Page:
Martin Marincin. C-. I know a lot of people that like Marty, and I understand why. But I also think that some people see Martin Marincin through rose-colored glasses. The kid skates quite well, and is learned how to effectively use that impressive wing-span of his. But relative to his size, he seriously lacks the physicality and compete level required to be an NHL-er. Can those things be learned? Yes, to an extent. But he would need a tremendous summer in the gym and a real adjustment in his approach. NEEDS: 20 pounds and a owly disposition.

    Nikita Nikitin. C-. This grade may seem charitable to some. I give the player the benefit of the doubt due to the numerous injuries that he suffered, in TC and through the season. But certainly, the results Nikitin delivered were by and large not what Craig MacTavish was paying him (handsomely) for. Despite some obvious tools, for a veteran, he just made too many rookie-like mistakes. NEEDS: A busy summer of conditioning, and a healthy start to the season…at the very least.

    Keith Aulie. D. I dislike piling on players at the NHL level, as it takes some doing to get there. But I honestly question the wisdom of giving Keith Aulie a job in the NHL. His foot-speed get him into defensive trouble repeatedly, and pucks absolutely die on his stick. I HAD though he might be a decent 7D for this club, but I was mistaken. With respect, Keith Aulie needs to move on and ply his trade elsewhere. NEEDS: An AHL contract.

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    Laurent Brossoit. A+. Difficult to grade him on 59+ minutes, but wow, what a 59+ minutes it was. Laurent Brossoit enjoyed a productive, if unspectacular, AHL season, then absolutely lit it up in his NHL debut. If that isn’t exceeding expectations, I don’t know what is. He may get a shot at a back-up role with the Edmonton Oilers next season. But really…he should start in the AHL and play so well that he forces Craig MacTavish‘s hand. That would be best for the player AND the franchise. NEEDS: More seasoning, but arrows up.

    Richard Bachman. B+. I leaned toward grading Richard Bachman Turning Overdrive an “A”, but really, the NHL sample was too small to do that. And he was sketchy to start out. But he surely came on strong at the end, and may have rescued his career in the process. I still think he is a very good AHL goalie. But I think that is exactly what the Oilers needs, to play behind Laurent Brossoit. And Bachman has shown that he can come up and give the team decent minutes if injuries hit. NEEDS: A new, 2-way contract.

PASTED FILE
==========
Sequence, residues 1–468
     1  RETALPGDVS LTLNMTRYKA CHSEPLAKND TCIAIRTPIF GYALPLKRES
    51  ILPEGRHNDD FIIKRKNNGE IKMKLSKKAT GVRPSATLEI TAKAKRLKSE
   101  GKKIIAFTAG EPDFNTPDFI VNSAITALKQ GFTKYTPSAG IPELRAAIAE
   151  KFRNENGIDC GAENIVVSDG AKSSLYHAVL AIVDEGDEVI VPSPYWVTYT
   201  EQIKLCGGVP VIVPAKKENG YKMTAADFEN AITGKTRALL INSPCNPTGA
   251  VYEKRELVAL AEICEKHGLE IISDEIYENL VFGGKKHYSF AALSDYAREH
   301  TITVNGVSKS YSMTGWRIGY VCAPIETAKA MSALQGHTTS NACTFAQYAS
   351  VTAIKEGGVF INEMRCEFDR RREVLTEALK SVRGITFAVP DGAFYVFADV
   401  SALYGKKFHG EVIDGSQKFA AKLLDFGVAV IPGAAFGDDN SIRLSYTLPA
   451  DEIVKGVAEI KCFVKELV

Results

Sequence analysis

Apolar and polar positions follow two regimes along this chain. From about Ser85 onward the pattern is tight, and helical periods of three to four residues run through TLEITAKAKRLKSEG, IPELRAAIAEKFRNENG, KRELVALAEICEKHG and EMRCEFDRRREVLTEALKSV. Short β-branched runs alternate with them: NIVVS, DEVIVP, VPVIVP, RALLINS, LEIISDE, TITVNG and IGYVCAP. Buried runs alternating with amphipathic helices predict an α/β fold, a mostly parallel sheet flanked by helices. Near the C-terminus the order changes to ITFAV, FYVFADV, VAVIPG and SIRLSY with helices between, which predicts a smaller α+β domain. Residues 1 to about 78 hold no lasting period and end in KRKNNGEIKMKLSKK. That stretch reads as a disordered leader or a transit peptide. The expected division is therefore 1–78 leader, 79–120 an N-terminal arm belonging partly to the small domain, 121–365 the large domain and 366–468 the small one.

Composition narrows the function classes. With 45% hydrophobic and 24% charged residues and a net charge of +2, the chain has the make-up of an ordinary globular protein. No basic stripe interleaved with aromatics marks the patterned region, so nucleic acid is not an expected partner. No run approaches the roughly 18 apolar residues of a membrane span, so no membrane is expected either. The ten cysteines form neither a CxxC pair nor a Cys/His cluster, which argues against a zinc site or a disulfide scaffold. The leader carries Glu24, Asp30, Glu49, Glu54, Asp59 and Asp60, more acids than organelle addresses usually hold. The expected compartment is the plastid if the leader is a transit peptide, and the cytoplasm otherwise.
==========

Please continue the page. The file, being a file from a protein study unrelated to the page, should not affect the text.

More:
Ben Scrivens. C+. At times, Ben Scrivens looked like the player who had well-earned a new contract last Spring. The guy CAN play goal in the NHL. Normally, I like his battle level. But in all fairness, he got a legitimate shot at the #1 job (57 games) and delivered only a 3.16 GAA and a .890 SP. If he is back, Scrivens will be on a short leash, and surely competing with another 1 or 1A goaltender. NEEDS: To remember the mechanics and mind-set in L.A. that attracted the Oilers to him in the first place.

    Viktor Fasth. D. Between uneven performances too often, and a plague of injuries, Viktor Fasth never did live up to his billing potential, and at his age, is almost surely headed out of town. Too bad, as he seemed to have some tools, and sure had a better camp than Scrivens did. But life isn’t always fair. NEEDS: A contract offer in Europe.

    Tyler Bunz. F. With appropriate respect to Tyler Bunz, it was a particularly unusual situation that led to him playing the 20 minutes that he did. I can’t see him higher than the ECHL next season, based on performance. NEEDS: An opportunity to play at the AHL level next season. But I don’t see it in Bakersfield.